South Korea has warned the United States of the potential damage from “undesirable” Japanese restrictions on exports of high-tech material to South Korea, as a trade row between the East Asian U.S. allies intensifies.

As South Korea sought U.S. help in the dispute, triggered by disagreement over the issue of compensation for South Koreans forced to work for Japanese firms during the Second World War, it also took steps to limit the damage to its companies.

South Korea’s ruling party announced up to 300 billion won ($333 million Cdn) would be included in a supplementary budget to cope with Japan’s curbs on exports of three materials, crucial for advanced consumer electronics, by speeding localisation of their supply.

The ruling Democratic Party said about one-third of the proposed budget would be for supporting South Korean materials and equipment makers to help them get their products to market.

Relations took a turn for the worse this week when Japan said it would tighten curbs on exports of the materials used to make chips and display panels because trust with South Korea had been broken over the forced labour dispute.

S&P Global Rating’s Asia-Pacific chief economist Shaun Roache said the dispute was as unpredictable as the U.S.-China trade war and was likely to affect South Korea’s growth.

The Japanese restrictions will affect companies such as Samsung Electronics Co Ltd and SK Hynix Inc., which supply chips to companies such as Apple Inc .

South Korean Foreign Minister Kang Kyung-wha told U.S. Secretary of State Mike Pompeo in a phone call late on Wednesday that Japan’s restrictions may not only damage South Korean companies, but could also disrupt the global supply chain and hurt U.S. firms.

Kang “expressed concern that this is undesirable in terms of friendly relations between South Korea and Japan and trilateral co-operation among South Korea, the U.S. and Japan,” Kang’s ministry said in a statement.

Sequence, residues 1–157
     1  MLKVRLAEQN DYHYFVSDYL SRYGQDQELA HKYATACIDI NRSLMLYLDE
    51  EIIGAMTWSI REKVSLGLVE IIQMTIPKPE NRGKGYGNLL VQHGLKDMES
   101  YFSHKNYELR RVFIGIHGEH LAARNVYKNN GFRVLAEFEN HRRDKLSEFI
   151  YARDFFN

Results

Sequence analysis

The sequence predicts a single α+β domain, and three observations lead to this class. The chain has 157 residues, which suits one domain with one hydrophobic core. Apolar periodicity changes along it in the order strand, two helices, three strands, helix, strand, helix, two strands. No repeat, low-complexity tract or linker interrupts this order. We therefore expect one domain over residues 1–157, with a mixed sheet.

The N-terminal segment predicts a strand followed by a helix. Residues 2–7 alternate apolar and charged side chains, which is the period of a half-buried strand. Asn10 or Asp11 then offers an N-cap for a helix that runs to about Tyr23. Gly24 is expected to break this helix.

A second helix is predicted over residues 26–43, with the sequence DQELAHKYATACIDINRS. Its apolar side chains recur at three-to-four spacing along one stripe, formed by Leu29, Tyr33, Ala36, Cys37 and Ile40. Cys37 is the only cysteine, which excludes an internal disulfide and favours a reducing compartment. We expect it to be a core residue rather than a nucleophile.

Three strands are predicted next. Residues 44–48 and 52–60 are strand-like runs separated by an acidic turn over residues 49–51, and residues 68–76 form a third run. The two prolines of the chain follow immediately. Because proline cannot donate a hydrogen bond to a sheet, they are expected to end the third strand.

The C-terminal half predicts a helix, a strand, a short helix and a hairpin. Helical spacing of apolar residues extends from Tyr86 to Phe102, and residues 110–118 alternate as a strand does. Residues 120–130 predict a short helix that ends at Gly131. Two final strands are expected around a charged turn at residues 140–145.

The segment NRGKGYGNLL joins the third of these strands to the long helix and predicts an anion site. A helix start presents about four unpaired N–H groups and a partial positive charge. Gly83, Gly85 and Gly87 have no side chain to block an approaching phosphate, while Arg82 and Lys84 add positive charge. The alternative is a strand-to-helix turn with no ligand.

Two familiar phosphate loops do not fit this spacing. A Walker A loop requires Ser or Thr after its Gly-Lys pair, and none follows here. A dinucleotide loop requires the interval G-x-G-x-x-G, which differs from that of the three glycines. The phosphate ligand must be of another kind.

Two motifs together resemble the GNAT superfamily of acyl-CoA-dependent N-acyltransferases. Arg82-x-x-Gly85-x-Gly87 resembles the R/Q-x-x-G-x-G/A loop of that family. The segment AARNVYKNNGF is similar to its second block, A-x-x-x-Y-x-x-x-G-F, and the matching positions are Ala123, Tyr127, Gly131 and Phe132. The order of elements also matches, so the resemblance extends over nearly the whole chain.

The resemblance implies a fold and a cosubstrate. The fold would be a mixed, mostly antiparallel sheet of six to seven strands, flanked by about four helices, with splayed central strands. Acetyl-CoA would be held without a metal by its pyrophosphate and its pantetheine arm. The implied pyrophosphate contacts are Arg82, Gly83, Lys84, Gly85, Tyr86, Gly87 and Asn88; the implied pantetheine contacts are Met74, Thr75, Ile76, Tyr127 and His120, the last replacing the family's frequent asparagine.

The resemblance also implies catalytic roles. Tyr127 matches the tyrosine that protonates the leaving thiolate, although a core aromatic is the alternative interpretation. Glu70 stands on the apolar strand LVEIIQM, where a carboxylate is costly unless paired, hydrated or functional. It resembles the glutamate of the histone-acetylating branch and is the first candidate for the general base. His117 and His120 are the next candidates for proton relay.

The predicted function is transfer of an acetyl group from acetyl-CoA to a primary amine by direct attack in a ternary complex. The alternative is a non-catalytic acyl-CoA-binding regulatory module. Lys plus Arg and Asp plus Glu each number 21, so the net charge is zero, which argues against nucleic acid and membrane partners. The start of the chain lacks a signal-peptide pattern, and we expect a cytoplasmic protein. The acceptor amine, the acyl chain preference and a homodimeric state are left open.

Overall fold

South Korea hoped Japan would withdraw the curbs and that the situation would not deteriorate further, it said.

Pompeo said he understood, and they both agreed to strengthen communication between the three sides, it said.

U.S. envoy soon to visit both countries

However, analysts say the United States is unlikely to become a mediator in the dispute.

South Korea and Japan also clashed at the World Trade Organization (WTO) this week.

Kim Hyun-chong, deputy chief of South Korea’s National Security Office, arrived in Washington on Wednesday. He told reporters he would meet officials from the White House and Congress to discuss issues that included Japan’s export curbs.

David Stilwell, U.S. assistant secretary of state for East Asian and Pacific Affairs, speaks to media after he arrives Thursday at Narita International Airport north of Tokyo. He did not mention the South Korea-Japan trade dispute, and some analysts are skeptical the U.S. will want to be heavily involved in mediating. (Eugene Hoshiko/Associated Press)

A former Japanese ambassador to the United States, Ichiro Fujisaki, questioned the need for U.S. mediation.

“I don’t think we need the United States to mediate, just like Japan would not mediate U.S.-Mexico ties or U.S.-Canada relations,” Fujisaki told Reuters on Wednesday.

“This is an issue to be solved between Japan and South Korea.”

The East Asian neighbours share a bitter history dating to Japan’s colonization of the Korean peninsula from 1910 to 1945.

Japan’s export restrictions follow its frustration over what it sees as South Korea’s failure to act in response to a ruling by one of its courts last October ordering Japan’s Nippon Steel Corp to compensate former forced labourers.

Japan says the issue of forced labour was fully settled in 1965 when the neighbours restored diplomatic relations.

The issue of South Koreans who have been euphemistically described as comfort women — those who worked in Japanese brothels during the Second World War — has repeatedly flared between the countries. Japan considers the matter settled owing to language in the 1965 negotiations as well as a 2015 agreement in which the country agreed to finance a victims’ fund.

Some South Korean officials and activist groups believe the previous deals did not go far enough in terms of contrition and compensation.

David Stilwell, the new U.S. assistant secretary of state for East Asian and Pacific Affairs, arrived in Japan on Thursday on the first stop of a 10-day visit to Asia.

He is also scheduled to visit South Korea next week, but did not mention the South Korea-Japan trade dispute when he spoke to reporters.

Sheila Smith, senior fellow for Japan studies at the Council on Foreign Relations, said it may be too early for Stilwell to assess what the United States could do to help.

“He is likely to begin with what I would call deep listening.”

Shares in South Korean chip giants rose for a third day on Thursday on expectations that Japanese export curbs may ease a supply glut of South Korean memory chips.